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PopMatters Music Short Takes
our brief reviews of new releases
16 February 2006
Young People, Five Sunsets in Four Days EP (Too Pure) Rating: 7
Young People aren't all that young. Today the members of the LA-based trio are five years and three albums older than when they started, and even then guitarist Jeff Rosenberg and drummer Jarrett Silberman were balding. But that doesn't stop Young People from churning out incredibly vibrant underground rock. They blaze a chaotic, beautiful trail amongst the indie rock underbrush with what must be a very magical Zippo. Young People's minimalist compositions forge enough space between guitars and vocals that emptiness becomes a third force. Percussion, sometimes entirely absent, ranks only as accent. Often a second guitar track will fulfill that role with rhythmic picking rather than strumming, while the first guitar, soiled in dirt, arpeggiates and strums and rips. In "The Mountain," an amp buzzes for almost ten seconds while a papery reed rats out half-notes on a snare. Yet Young People have no time for low-tempo sadness. They're an experimental garage rock band that doesn't want to wake the neighbors. On "Hot Horse," Young People are bolder, opening with brash drums, guitar, and vocals. Lead singer Katie Eastburn shows the least resistance, growling and screaming when the mood strikes. Throughout the song, Rosenberg's noise rock roots are alternatingly revealed and obscured as waves lap at the edge of melody. The listener is left begging for fast, loud power chords. But to no avail. The word tension was created for this band. Fans of Cat Power and the Velvet Underground must investigate.
With Honor, This is Our Revenge (Victory) Rating: 5
Harder! Faster! Louder! And more, uh, optimistic! This is the formula for success as far as With Honor is concerned, and it makes for an intriguing mix on the band's newest Victory Records release This is Our Revenge. With Honor plays a loud mix of punk and hardcore, combining the former's sheer speed and reckless abandon with the latter's intensity. This is Our Revenge would be an easy album to put in the CD player and thrash around and break stuff to, but the lyrical subject matter implies a desire on the part of the band for their fans to stop flailing and look at the lyric sheet for a second. The album's final track, "In a Bottle", asks the question "Will we die to darker days and break ties with the hells we've walked through?," before ultimately assuring us that "It's not too late." The album's strongest track musically ends on a coda of "I still believe that faith can move the mountains." Obviously, This is Our Revenge is far removed from the familiar nihilistic refrains of less inspired entries in the genre. Unfortunately, not even a dual-guitar attack can elevate the band's music to the level of its lyrical nonconformity -- everything is well-played and loud, but this type of music has been done faster, louder, and better, and vocalist Todd Mackey's efforts to push everything to eleven only result in a decidedly monotone effort. A little bit of musical maturity would do With Honor wonders, because lyrically, they're already a cut above the rest.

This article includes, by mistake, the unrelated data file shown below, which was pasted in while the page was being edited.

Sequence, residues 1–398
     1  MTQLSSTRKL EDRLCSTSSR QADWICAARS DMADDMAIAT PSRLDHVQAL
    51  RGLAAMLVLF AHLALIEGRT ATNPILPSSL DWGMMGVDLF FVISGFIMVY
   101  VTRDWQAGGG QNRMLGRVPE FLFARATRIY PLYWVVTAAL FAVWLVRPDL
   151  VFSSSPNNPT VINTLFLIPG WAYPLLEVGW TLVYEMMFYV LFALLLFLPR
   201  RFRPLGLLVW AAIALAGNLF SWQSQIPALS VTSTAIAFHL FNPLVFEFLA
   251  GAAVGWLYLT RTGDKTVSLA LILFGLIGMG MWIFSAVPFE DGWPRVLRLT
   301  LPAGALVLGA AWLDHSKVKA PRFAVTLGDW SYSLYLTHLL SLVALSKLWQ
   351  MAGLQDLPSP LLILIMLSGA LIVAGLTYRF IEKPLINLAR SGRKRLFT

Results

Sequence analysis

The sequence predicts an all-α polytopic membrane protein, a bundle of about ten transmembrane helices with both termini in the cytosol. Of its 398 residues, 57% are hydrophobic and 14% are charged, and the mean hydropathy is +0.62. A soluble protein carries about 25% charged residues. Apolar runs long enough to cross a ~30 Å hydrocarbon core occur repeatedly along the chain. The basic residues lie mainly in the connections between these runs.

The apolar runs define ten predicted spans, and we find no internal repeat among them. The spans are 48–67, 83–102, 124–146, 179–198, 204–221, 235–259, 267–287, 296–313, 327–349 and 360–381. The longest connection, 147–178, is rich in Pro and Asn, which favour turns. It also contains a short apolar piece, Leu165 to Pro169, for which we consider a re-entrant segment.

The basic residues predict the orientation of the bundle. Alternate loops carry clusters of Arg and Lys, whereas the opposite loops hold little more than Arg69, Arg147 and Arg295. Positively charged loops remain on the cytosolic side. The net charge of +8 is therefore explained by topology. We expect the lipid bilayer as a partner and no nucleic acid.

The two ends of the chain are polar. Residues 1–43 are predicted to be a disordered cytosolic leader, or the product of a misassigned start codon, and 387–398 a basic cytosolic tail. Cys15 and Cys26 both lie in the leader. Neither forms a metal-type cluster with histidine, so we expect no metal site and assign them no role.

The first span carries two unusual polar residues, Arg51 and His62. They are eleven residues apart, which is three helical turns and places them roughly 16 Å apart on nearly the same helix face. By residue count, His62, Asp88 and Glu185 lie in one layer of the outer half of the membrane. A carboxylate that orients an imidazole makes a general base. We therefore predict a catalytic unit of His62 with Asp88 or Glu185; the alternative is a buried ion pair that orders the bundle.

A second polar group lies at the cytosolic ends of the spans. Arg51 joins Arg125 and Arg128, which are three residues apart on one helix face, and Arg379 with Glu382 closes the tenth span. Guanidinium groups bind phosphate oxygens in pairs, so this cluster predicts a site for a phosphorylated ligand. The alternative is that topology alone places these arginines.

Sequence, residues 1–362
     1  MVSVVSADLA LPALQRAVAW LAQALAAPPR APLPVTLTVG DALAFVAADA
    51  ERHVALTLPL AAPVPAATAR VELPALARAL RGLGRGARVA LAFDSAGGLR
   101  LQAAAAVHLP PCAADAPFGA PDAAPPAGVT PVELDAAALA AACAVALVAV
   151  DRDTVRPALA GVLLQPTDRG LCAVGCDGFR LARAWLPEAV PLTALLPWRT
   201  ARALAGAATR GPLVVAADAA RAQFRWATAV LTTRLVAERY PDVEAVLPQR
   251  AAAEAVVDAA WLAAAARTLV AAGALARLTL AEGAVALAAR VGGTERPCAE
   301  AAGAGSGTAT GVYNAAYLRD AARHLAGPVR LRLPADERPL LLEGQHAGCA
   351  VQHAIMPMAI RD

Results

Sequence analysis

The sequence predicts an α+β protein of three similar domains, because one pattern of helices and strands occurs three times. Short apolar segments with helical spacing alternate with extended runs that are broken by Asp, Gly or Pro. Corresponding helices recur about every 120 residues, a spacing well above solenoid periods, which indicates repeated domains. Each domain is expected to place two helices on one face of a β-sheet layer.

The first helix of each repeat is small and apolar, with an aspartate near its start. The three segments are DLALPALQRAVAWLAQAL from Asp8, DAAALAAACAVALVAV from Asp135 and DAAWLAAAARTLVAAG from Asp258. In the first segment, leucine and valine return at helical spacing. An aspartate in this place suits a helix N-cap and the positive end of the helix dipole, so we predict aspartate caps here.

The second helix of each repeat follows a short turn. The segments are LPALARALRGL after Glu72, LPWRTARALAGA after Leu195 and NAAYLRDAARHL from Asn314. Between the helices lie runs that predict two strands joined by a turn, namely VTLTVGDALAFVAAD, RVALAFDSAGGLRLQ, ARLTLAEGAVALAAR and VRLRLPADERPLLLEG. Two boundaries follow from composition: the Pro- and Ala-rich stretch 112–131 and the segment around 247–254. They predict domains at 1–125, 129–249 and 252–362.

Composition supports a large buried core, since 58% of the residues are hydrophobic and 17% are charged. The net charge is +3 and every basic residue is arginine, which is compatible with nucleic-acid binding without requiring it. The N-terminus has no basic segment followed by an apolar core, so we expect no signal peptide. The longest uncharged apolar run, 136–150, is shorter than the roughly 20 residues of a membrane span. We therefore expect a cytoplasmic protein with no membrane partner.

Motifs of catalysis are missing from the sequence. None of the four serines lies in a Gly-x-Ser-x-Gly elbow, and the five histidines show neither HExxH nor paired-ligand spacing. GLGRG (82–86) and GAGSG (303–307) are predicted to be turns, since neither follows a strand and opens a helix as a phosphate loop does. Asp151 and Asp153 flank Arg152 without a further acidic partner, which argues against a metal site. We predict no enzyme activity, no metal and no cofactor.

Damian "Jr. Gong" Marley, "Road to Zion" f/ Nas b/w "The Master Has Come Back" [12-inch single] (Universal) Rating: 6
Asking Damian Marley to follow-up one of the year's biggest tracks, "Welcome to Jamrock", seems an unreasonable task, but he fares well with the cool-dreaded "Road to Zion." Built around a gaunt Ella Fitzgerald loop, Marley's raspy voice, a guest verse from Nas and textbook boom bap, the cut simmers the bombast down into a rasta hip hop vision resembling more closely what headz would imagine the reunited Fugees to sound like. Thematically, the cut's somber yet power-through message feels like an appropriate coda to the cutting commentary of "Jamrock." However, the B-side wins again as "The Master Has Come Back" reaches back with a stronger kick and rhythmic nod to dancehall. Sticking to lyric-slangin', Marley sounds at ease playing a toaster to listen to, as opposed to a crooner to feel for. Unfortunately, both tracks represent the more conventional sonic amalgamations of his eclectic Welcome to Jamrock record, thought they appropriately follow-up his career-defining tune by simmering the hoopla.
Resident Genius & Howard Zinn, You Can't Blow Up a Social Relationship (Thick) Rating: 4
Okay, I love Howard Zinn's writings and I generally agree with all his political viewpoints. So the second half of this CD, where it's just Zinn talking to an audience -- and answering questions like "Why do you live in America?" is pretty good if you're a leftist, or a curious moderate, or a disillusioned conservative. But the first half, consisting of six ghastly indie-rock tracks by the misnomered band Resident Genius, proves that Zinn either has rubbish taste in music or that he really has no clue how to get his points across to that old scarecrow, "the common man".
.: posted by Editor 6:37 AM